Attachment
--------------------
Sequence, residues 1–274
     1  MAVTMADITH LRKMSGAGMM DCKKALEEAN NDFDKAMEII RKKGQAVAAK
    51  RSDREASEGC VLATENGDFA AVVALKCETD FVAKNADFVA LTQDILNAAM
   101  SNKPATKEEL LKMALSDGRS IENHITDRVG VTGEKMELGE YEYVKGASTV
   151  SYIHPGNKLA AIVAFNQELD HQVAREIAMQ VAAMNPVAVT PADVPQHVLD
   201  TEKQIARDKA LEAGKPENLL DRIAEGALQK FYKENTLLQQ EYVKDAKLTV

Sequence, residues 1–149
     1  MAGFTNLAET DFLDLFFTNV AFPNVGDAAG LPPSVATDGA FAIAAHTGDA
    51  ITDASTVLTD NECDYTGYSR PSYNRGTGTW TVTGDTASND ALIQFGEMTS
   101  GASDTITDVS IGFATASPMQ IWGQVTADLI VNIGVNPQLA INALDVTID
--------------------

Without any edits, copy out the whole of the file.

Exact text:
Sequence, residues 1–274
     1  MAVTMADITH LRKMSGAGMM DCKKALEEAN NDFDKAMEII RKKGQAVAAK
    51  RSDREASEGC VLATENGDFA AVVALKCETD FVAKNADFVA LTQDILNAAM
   101  SNKPATKEEL LKMALSDGRS IENHITDRVG VTGEKMELGE YEYVKGASTV
   151  SYIHPGNKLA AIVAFNQELD HQVAREIAMQ VAAMNPVAVT PADVPQHVLD
   201  TEKQIARDKA LEAGKPENLL DRIAEGALQK FYKENTLLQQ EYVKDAKLTV

Sequence, residues 1–149
     1  MAGFTNLAET DFLDLFFTNV AFPNVGDAAG LPPSVATDGA FAIAAHTGDA
    51  ITDASTVLTD NECDYTGYSR PSYNRGTGTW TVTGDTASND ALIQFGEMTS
   101  GASDTITDVS IGFATASPMQ IWGQVTADLI VNIGVNPQLA INALDVTID